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Don’t let a bad attitude ruin a major opportunity


DUBLIN, Ohio – Jack Nicklaus – your 18-time major champion, grandfather and, arguably, G.O.A.T of golf – can, with the posh of time, recall with wonderful particulars lots of his biggest accomplishments.

Like the 1962 U.S. Open, the place he was trailing by two pictures heading into the ultimate spherical and beat Arnold Palmer. The ’65 Masters, a nine-stroke romp over Palmer, once more, and Gary Player. And, in fact, the ’86 Masters, when he was 46 years outdated.

He can even keep in mind the not-so-good weeks. Weeks just like the ’88 PGA Championship at Oak Tree in Edmond, Oklahoma. He wasn’t a fan of the golf course and, not surprisingly, he missed the lower. While he stewed in his rental home early the subsequent day, his spouse, Barbara, went to seize some meals and returned with a message.

“She had a little sippy cup that she got from McDonald’s and with orange juice in it and said, ‘There is no excuse for not being properly prepared,’” Nicklaus recalled. “I still got that cup.”

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That lesson was as legitimate in 1988 because it was two weeks in the past when the PGA Championship traveled to Kiawah Island. Although Phil Mickelson was clearly a fan of the Ocean Course that affinity wasn’t common.

“I had somewhat of a bad attitude about the golf course. I just didn’t really like it. And normally my attitude is some of the best,” Xander Schauffele admitted.

After beginning the week squarely among the many favorites on the 12 months’s second major, Schauffele posted rounds of 73-77 to overlook the lower. Good play is usually topic to the whims of the sport. Players can’t management a wind gust or the rub of the inexperienced and taking part in the end result could be harmful. But they’ll management their attitude.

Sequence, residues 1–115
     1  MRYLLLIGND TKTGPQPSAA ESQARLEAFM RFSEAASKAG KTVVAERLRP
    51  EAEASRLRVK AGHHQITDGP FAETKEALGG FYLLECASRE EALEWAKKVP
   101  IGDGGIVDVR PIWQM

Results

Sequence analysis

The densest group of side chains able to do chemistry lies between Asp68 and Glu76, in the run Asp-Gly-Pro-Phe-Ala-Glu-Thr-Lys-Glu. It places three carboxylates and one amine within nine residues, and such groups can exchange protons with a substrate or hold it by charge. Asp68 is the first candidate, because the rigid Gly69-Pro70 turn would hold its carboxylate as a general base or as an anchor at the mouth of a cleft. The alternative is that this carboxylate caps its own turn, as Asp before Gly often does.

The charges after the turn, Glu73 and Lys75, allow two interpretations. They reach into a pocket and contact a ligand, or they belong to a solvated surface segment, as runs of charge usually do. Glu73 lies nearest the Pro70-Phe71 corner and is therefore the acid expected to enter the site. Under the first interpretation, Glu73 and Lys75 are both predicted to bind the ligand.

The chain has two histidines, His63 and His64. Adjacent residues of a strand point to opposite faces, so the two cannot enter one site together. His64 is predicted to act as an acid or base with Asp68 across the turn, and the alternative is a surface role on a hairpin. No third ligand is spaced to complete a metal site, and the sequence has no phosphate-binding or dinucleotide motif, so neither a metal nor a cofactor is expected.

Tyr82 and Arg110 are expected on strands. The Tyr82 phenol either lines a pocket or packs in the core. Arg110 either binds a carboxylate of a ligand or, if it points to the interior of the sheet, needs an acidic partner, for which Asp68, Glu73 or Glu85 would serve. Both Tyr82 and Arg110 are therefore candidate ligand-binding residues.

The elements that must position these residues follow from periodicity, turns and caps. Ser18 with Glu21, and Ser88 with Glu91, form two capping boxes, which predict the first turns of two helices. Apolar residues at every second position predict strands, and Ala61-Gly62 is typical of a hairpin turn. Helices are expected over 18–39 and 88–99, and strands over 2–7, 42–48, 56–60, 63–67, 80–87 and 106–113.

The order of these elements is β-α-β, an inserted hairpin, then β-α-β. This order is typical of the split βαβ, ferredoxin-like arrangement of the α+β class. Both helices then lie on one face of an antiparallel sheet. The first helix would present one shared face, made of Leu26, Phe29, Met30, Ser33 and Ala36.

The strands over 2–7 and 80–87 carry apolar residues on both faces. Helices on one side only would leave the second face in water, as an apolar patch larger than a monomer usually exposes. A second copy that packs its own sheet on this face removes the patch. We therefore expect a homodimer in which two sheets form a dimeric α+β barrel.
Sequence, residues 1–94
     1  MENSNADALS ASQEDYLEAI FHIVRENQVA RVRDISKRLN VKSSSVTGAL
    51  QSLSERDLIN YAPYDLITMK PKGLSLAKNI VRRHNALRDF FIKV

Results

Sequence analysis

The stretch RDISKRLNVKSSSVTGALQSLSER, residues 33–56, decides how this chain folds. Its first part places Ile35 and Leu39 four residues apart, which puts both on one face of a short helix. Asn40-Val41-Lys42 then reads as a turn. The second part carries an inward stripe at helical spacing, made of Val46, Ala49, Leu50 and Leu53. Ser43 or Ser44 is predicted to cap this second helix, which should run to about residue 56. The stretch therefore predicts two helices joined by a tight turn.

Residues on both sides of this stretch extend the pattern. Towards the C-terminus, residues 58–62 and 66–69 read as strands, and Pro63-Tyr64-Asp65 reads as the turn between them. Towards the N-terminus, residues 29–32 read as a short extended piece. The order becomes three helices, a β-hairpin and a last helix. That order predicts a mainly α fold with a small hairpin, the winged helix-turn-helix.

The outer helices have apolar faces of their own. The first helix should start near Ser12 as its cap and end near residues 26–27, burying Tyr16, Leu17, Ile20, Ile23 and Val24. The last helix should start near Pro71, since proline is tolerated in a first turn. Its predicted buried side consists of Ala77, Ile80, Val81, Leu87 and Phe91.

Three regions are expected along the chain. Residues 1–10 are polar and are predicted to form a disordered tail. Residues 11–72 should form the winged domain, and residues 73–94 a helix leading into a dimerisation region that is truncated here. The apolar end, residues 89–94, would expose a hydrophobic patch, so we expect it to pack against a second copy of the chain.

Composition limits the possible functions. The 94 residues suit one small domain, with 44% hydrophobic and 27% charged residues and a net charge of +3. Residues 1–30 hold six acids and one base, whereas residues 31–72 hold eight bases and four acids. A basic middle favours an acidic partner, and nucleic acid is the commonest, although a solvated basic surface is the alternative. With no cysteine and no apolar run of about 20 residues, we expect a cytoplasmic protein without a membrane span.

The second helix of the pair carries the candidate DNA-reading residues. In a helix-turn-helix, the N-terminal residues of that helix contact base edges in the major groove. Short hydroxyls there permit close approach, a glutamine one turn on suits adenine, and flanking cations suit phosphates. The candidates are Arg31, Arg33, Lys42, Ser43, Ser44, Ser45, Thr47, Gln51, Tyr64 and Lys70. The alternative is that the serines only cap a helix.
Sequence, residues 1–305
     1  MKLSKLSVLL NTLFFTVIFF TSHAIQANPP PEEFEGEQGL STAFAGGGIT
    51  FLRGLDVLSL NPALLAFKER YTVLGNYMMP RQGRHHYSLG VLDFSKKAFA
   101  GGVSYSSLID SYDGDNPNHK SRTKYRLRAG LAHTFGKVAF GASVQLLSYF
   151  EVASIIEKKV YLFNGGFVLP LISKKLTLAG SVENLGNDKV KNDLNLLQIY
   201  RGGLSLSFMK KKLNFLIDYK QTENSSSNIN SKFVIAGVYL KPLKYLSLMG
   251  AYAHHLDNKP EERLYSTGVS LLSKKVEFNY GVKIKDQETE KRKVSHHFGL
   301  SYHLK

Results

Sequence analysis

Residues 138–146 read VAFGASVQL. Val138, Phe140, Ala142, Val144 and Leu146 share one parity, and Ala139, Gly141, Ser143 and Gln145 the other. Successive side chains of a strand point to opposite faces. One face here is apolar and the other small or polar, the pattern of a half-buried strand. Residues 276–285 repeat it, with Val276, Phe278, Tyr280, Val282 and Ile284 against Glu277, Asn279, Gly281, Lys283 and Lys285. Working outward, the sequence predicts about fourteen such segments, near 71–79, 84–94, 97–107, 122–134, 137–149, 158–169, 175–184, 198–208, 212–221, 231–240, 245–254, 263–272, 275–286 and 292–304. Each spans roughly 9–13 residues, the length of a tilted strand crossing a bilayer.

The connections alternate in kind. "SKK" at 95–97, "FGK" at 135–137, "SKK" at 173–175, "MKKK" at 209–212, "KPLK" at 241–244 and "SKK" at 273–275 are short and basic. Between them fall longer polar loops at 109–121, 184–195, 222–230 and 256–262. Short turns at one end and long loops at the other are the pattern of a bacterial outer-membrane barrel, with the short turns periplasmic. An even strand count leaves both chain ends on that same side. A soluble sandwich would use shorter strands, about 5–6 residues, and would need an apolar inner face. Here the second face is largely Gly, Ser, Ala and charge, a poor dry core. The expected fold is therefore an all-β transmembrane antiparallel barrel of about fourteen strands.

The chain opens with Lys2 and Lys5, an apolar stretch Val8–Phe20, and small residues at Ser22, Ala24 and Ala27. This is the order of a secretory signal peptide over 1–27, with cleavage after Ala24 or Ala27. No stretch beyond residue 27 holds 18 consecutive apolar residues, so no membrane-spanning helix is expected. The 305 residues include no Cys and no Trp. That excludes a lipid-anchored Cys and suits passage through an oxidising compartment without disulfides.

“I’m not saying I had enough game to win that week, but I definitely had enough game to compete, and for me to miss the cut was a bit reckless and kind of stupid,” Schauffele mentioned. “I just didn’t really like the course and moving forward even if I don’t like a course, I got to wash that out of my mind and move along.”

It needs to be some solace to Schauffele that even Nicklaus fell sufferer to a bad attitude throughout his legendary profession.

“Oh, are you kidding? Sure. Absolutely. Not very often,” the Golden Host mentioned on Tuesday when requested if he’d discovered himself in a comparable scenario.

He gave examples. So many examples.

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The ’68 PGA Championship at Pecan Valley in San Antonio.

“Never got interested,” mentioned Nicklaus, who missed the lower. “I mean, it was ridiculous. You only got four majors a year. What in the world are you doing? I mean, that’s stupid.”

The Open Championship at Royal St. George’s – any Open at Sandwich that he performed in, choose one. “Sandwich is the one that I could never get to fit my eye the way I wanted it and I never played great at Sandwich,” he mentioned.

For Nicklaus it wasn’t a lot if he appreciated the golf course a lot because it was whether or not his sport match a explicit structure. In his prime the Golden Bear had a energy sport that traveled – suppose Rory McIlroy with extra consistency – however like every golfer, magnificence could be very a lot within the eye of the beholder and generally he simply didn’t see it.

But due to his spouse’s delicate humorousness and an off-the-charts golf IQ, Nicklaus discovered that these weeks while you’re simply not feeling it are the weeks when you need to put in essentially the most work.

“You’re not supposed to fit the golf course to your eye, you’re supposed to fit your eye to the golf course. In other words, you’re supposed to fit your game to the course,” Nicklaus mentioned. “That’s why we play different courses. Otherwise, we play the same course every week.”

For Nicklaus that meant arriving a week sooner than regular to study the course and never letting a potential bad attitude flip into a missed lower.

In the case of Schauffele and Kiawah Island, which in his protection was not everybody’s model of vodka, it was a missed opportunity throughout a run that’s made him a menace to win each week he performs. It was additionally a beneficial lesson in humility that may possible repay later in his profession. It actually did for Nicklaus.

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Read extra: https://sports.yahoo.com/more-lessons-jack-nicklaus-dont-191119133.html?src=rss

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